Hot off last month’s terrific split with Wildspeaker, Texas-based duo Cara Neir are back with their long-awaited fourth full-length Perpetual Despair Is the Human Condition. “Wait!” says the attentive metal fan. “Long awaited? Portals to a Better, Dead World just came out in 2013!” Yes, you are correct, and 666 kvlt points for you. However, Cara Neir apparently started work on Despair before Portals was even released, and the album art and tracklist have been available for almost a year now. For those who love the bizarre black/grind/punk that vocalist Chris Francis and multi-instrumentalist Garry Brents have been producing since Cara Neir’s 2008 inception, Despair, has been a hotly anticipated record indeed. So turn off the lights, grab some white wine, and get ready to sulk in the corner as we explore the hopelessness of Perpetual Despair Is the Human Condition.
But the first thing that’s apparent from Despair isn’t the mood, but how much less weird it is than their other works. Absent are the bouncy basslines and experimental edge of last month’s split, replaced with a somewhat more traditional take on black metal. After a faint sample about metaphysics and unending pain, opener “Spiteful Universe” shows this right off with its furious blasting, tumbling drumbeats, watery background leads, and Krallicey riffs that sound like Armageddon is here and the sky is ready to collapse. Follow-up “Normalcy” continues the Krallice similarities with the introduction of death metal vocals (Cara employ a whopping four guest vocalists throughout these eight tracks) alongside hazy chords that give way to meek clean notes midway through.
But even with a relatively less adventurous sound compared to prior albums, it’s still tough to compare the band to anyone in particular. At times Despair recalls old Darkthrone, post-black, or even the blackened crust of Young and in the Way. Yet unlike the blood-soaked misanthropy of Young, Cara Neir sound utterly despondent, crippled by an esoteric anguish that’s conveyed through hair-raising riffs, venomous rasping, and blood-curdling background screams. It’s harrowing stuff, and while I admittedly enjoy the duo’s weirder side more, there are still some good cuts here. “Bound by Believers” closes out the record’s first half with an excellent recurring melody, while “Trials of the Lost” introduces some neat angular riffing and a snappy beat in its midsection.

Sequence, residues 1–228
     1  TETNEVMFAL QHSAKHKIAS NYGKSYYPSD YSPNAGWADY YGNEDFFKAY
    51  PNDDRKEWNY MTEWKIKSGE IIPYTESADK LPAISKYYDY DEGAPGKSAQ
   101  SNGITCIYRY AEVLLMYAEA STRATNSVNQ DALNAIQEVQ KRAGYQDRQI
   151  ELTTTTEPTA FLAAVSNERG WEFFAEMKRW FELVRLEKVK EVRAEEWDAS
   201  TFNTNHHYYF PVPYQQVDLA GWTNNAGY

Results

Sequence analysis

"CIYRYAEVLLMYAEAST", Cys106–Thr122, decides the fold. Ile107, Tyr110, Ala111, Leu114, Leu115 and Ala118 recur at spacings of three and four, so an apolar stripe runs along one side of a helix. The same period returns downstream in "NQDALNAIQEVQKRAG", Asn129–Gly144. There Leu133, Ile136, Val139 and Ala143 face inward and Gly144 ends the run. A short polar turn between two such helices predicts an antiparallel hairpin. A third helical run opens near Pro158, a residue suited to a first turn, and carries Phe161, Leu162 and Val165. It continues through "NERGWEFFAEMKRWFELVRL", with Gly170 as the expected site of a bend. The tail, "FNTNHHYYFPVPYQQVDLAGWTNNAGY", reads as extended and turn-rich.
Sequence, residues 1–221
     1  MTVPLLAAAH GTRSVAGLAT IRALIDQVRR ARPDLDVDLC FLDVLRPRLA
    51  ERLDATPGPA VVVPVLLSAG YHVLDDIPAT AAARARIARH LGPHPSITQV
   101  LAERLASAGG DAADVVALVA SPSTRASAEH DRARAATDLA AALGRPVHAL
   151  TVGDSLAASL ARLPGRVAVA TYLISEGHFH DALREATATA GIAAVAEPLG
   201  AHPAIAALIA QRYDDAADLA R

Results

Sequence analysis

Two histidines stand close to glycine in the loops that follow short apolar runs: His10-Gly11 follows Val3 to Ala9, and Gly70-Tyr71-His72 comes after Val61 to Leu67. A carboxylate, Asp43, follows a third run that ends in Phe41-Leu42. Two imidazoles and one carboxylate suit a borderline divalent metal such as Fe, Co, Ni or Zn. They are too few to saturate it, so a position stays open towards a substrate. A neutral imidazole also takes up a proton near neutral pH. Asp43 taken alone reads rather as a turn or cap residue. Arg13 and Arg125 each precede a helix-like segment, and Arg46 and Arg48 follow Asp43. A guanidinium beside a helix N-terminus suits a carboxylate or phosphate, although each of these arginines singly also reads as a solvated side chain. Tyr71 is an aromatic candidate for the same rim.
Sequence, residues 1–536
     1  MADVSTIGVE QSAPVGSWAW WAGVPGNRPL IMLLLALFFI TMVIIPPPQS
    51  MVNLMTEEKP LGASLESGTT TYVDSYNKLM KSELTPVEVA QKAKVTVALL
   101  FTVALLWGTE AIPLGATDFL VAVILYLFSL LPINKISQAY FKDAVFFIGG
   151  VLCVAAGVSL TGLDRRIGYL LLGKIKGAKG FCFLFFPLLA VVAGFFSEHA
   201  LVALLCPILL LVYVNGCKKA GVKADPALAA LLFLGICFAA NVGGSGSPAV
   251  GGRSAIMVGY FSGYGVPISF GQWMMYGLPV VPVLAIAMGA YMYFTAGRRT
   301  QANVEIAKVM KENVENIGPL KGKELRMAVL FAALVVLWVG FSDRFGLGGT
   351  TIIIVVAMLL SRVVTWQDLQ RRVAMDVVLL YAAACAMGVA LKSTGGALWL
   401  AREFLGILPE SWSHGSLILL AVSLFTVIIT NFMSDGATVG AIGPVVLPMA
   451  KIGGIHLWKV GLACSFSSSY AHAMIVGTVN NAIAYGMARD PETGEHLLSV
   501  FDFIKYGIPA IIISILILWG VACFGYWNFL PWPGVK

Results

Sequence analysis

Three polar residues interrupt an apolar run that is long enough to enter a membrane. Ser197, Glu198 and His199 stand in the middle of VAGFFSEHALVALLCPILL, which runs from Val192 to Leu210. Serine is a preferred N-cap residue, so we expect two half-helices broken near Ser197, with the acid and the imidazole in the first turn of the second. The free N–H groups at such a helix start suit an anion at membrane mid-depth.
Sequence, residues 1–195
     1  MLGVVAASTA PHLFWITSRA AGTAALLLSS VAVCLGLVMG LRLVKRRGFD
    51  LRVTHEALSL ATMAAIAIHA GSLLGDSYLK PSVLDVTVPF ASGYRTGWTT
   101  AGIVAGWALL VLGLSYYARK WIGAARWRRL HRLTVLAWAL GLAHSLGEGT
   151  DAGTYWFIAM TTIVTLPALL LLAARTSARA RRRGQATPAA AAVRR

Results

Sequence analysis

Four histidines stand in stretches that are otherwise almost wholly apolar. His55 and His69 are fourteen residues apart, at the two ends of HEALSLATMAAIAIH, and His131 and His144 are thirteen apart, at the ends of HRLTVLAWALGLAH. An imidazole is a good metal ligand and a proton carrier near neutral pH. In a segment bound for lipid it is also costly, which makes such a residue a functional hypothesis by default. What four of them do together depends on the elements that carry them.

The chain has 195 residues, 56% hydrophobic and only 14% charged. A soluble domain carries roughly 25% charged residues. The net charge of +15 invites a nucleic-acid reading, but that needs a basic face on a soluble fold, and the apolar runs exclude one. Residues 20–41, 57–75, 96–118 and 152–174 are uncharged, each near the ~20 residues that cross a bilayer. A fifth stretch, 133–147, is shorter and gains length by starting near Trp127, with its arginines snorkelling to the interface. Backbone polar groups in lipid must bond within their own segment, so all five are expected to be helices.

Unfortunately, that’s about where the highlights end. While front to back Despair is full of ‘good’ ideas, even after multiple listens it’s hard to think of any that rise to the level of ‘great.’ The tempo changes occur often enough but they’re not particularly engaging, and altogether these songs are far too similar in feel and pace. ‘One-dimensional’ is the phrase that comes to mind, and while it’s not a bad dimension to spend 38 minutes in, it’s troubling how tracks like “Pushing Failure” buzz by without ever reaching their full potential. Likewise, while the production offers ample atmosphere and a distinct bass guitar presence, the overall sound lacks the bite and sharpness this kind of music needs.
That said, Cara do a great job stuffing chilling effects into the music’s nooks and crannies, including subtle piano and other sounds whose origin I couldn’t begin to guess. It’s a nice touch, but still a far cry from the intriguing strangeness of the group’s previous output. I guess it’s hard to hide my disappointment with the group’s more traditional approach on Despair, and while that can almost be forgiven for the way the record vividly paints its downtrodden world outlook, the production and songwriting leave something to be desired. Ultimately this makes Despair a difficult record to judge: I enjoy it front to back and will probably revisit it, but I can’t shake the feeling that this is one of those cerebral records that never quite ‘clicks’ no matter how many focused listens you give it. Fans of the band and modern black metal, in general, will no doubt enjoy this, but hopefully the next go-round yields slightly more compelling results.